Probability distributions turn up in all areas of science (and in many *Plus* articles) so we've decided to have a closer look at them. The short explainers below explore what a probability distribution actually is, visit some of the most commonly used distributions, and a few important concepts in the probability context. So next time you're not sure what is going to happen next, don't despair: one of these distributions may well be able to help you deal with the uncertainty.

Maths in a Minute: Probability distributions — Here's a short and sweet introduction to probability distributions with a couple of easy examples.

Maths in a Minute: The binomial distribution — When you're repeating the same process over and over and want to know the chance you get a given sequence of outcomes, then binomial is the way to go.

Maths in a Minute: The Poisson distribution — If you know that an event happens three times an hour *on average*, then this doesn't mean it happens exactly three times every hour. So how many times is it going to happen in the next hour? That's the kind of situation where the Poisson distribution can help.

Maths in a Minute: The exponential distribution — If you know that an event happens three times an hour *on average*, then this doesn't mean it happens exactly every twenty minutes. So how long will you have to wait for it to happen? Here's where the exponential distribution comes in.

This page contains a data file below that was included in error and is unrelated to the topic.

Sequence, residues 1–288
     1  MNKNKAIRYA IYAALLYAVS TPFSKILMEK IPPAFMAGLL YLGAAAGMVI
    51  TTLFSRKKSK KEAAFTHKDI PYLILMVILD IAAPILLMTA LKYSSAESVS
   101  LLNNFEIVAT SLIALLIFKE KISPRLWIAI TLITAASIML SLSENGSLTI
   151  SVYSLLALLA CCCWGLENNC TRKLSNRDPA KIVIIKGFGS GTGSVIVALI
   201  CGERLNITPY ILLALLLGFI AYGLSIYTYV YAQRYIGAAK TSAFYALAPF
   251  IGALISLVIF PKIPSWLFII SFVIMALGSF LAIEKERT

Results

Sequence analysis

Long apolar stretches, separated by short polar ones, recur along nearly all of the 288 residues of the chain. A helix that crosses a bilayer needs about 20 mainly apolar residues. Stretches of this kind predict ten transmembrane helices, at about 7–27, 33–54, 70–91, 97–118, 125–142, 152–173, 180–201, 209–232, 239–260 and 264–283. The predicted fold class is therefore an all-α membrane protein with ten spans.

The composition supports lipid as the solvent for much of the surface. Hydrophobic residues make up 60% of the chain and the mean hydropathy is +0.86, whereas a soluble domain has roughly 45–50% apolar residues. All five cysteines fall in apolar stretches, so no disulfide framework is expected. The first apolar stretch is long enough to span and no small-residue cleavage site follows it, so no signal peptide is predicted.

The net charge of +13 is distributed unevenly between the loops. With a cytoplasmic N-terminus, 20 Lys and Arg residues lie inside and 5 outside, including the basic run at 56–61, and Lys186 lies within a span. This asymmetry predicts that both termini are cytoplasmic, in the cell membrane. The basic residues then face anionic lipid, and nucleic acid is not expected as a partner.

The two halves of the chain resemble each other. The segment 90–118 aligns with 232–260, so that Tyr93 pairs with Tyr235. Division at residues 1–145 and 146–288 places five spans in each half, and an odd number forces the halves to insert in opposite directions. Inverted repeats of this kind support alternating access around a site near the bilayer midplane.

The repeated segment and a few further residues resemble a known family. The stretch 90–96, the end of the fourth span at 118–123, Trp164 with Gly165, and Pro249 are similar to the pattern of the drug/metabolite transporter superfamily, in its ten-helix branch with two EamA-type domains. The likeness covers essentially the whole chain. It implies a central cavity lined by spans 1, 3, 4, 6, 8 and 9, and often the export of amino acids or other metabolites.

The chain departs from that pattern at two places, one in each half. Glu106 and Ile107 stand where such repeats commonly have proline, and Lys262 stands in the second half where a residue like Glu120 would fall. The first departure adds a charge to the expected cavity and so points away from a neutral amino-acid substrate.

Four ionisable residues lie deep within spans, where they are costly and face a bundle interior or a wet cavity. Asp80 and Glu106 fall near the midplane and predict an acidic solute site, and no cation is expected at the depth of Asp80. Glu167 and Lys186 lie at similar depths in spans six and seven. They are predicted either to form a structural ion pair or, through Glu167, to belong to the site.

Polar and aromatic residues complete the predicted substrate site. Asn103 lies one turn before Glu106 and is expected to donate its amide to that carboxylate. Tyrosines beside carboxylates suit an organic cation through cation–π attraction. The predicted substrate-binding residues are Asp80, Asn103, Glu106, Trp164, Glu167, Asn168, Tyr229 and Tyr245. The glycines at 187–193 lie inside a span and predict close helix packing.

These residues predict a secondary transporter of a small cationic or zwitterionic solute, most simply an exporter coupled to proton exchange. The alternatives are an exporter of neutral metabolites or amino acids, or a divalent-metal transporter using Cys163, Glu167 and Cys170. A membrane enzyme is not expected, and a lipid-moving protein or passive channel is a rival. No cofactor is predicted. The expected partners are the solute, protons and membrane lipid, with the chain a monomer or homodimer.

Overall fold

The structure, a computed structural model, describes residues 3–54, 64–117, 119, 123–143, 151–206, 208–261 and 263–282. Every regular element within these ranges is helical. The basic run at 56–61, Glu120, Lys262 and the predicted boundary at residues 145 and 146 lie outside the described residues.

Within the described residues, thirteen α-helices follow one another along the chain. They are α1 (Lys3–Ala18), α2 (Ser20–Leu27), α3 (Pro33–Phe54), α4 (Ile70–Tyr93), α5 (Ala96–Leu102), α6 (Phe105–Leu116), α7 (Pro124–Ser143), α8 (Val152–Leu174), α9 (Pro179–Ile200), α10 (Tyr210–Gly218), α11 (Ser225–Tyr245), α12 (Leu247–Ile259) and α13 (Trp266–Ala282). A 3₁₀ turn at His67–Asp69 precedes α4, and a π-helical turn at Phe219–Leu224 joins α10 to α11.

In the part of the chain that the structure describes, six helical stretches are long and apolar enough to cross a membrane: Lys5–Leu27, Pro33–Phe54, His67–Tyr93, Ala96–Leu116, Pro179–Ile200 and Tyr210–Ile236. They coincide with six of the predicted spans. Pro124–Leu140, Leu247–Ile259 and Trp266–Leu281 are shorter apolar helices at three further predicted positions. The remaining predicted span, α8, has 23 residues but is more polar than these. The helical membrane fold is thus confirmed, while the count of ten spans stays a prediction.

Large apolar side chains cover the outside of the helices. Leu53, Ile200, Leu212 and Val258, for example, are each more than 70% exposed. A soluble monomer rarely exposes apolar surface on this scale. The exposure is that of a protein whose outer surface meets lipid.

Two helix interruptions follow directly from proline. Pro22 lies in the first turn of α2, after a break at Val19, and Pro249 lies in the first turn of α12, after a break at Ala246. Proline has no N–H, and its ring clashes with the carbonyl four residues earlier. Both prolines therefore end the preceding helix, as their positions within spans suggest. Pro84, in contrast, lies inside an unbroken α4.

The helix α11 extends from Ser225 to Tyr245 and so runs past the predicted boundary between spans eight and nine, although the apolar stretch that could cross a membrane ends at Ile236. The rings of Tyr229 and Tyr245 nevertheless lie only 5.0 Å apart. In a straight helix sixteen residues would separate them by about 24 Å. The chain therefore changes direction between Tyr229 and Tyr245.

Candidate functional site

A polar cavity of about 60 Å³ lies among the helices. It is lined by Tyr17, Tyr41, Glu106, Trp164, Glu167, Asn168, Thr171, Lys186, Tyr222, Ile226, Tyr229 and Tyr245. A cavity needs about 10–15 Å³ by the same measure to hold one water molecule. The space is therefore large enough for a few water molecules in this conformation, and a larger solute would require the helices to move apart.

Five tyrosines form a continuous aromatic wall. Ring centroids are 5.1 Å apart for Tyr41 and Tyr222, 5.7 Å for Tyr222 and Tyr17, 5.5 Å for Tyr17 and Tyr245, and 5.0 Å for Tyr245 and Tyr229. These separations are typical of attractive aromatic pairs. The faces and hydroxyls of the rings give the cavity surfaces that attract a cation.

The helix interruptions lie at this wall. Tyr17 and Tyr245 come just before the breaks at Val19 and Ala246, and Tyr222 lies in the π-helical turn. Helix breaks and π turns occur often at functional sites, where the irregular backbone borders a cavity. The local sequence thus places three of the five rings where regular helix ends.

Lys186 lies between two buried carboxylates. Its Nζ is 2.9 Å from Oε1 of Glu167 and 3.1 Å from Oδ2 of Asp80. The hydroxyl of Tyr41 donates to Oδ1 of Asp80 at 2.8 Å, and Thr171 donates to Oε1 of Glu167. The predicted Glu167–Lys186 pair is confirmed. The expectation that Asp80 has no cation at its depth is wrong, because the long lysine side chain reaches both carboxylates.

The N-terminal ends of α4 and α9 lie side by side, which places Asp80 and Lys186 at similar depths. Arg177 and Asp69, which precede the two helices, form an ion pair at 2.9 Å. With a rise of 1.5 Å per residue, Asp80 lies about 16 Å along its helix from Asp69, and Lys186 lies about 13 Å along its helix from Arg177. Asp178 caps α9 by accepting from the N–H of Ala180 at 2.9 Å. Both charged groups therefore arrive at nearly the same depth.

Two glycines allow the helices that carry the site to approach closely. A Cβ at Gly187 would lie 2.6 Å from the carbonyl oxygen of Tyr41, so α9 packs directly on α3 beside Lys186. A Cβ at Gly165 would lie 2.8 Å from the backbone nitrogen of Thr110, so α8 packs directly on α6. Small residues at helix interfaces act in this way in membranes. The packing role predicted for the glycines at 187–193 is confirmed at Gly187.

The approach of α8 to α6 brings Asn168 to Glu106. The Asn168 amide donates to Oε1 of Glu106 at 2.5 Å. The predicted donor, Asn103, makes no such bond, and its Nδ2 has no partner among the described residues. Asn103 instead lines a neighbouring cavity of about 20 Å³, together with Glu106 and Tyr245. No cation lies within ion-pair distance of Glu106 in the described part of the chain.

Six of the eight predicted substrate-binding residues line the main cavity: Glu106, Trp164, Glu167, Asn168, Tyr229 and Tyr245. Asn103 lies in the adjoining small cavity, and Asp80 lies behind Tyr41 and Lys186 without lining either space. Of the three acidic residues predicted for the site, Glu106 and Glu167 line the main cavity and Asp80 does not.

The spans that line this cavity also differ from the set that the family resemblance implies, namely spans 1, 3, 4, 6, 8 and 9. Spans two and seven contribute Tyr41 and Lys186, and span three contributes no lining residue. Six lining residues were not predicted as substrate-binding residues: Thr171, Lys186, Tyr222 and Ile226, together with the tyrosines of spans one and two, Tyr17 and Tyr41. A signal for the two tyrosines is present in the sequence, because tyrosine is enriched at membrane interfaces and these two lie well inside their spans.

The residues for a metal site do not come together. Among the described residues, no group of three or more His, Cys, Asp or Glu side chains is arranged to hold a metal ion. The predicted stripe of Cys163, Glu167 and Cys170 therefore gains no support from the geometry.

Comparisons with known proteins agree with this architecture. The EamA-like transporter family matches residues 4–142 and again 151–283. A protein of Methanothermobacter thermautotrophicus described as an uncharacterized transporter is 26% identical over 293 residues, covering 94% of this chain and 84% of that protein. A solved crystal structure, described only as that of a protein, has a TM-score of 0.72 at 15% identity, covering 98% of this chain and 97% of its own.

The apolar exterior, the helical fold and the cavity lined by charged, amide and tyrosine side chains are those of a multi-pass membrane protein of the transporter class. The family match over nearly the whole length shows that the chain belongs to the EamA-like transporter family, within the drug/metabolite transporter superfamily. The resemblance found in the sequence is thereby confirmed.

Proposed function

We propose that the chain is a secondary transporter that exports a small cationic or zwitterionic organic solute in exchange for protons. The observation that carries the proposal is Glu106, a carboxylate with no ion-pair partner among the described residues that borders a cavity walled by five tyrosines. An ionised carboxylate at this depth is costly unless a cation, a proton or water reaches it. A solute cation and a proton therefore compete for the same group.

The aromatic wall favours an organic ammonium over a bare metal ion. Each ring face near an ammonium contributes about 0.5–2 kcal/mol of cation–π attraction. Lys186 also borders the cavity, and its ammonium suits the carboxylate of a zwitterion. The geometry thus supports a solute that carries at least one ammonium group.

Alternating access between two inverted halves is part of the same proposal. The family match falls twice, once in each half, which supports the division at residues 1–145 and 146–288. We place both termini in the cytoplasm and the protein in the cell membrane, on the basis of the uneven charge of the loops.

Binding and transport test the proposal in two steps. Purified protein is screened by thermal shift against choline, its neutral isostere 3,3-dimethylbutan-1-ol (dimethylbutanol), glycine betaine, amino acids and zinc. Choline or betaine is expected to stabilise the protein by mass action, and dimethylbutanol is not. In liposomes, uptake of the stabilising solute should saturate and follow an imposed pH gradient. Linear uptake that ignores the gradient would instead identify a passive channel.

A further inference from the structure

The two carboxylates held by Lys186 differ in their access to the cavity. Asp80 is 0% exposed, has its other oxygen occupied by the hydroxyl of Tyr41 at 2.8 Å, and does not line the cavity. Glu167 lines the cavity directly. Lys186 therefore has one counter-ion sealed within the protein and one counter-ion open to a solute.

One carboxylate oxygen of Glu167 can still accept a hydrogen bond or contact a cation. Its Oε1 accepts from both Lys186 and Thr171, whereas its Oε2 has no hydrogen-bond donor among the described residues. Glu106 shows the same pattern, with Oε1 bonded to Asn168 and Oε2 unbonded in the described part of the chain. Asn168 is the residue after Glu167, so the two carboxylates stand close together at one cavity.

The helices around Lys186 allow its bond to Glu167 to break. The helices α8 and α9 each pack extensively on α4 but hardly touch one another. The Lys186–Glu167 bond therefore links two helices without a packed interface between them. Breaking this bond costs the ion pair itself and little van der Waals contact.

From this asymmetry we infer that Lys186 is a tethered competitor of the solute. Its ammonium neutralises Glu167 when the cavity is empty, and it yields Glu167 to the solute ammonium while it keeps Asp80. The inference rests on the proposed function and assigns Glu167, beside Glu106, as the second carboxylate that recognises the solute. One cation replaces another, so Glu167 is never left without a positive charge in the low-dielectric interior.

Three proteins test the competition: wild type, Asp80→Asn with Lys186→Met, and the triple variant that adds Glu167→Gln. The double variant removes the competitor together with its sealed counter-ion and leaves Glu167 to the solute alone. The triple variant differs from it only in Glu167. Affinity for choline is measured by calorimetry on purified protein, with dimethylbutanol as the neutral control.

Maths in a Minute: The gamma distribution — This is related to the exponential distribution, only rather than asking "how long do I have to wait for one event to happen" you ask "how long do I have to wait until the event has happened two, three, four, or any other number of times?"

Maths in a Minute: The normal distribution — This is a heavy weight among probability distributions because it turns up in many, many different situations. Here's a quick introduction.

Maths in a Minute: The central limit theorem — The central limit theorem is a reason why the normal distribution is so ubiquitous, so we've included it here.

Maths in a Minute: Expectation — The expectation, also called the mean, of a probability distribution gives you a sense of what you'll see on average. This article explains how.

Maths in a Minute: Variance — The variance of a probability distribution gives you a sense of how spread out the probabilities captured by a distribution are. This article explains how.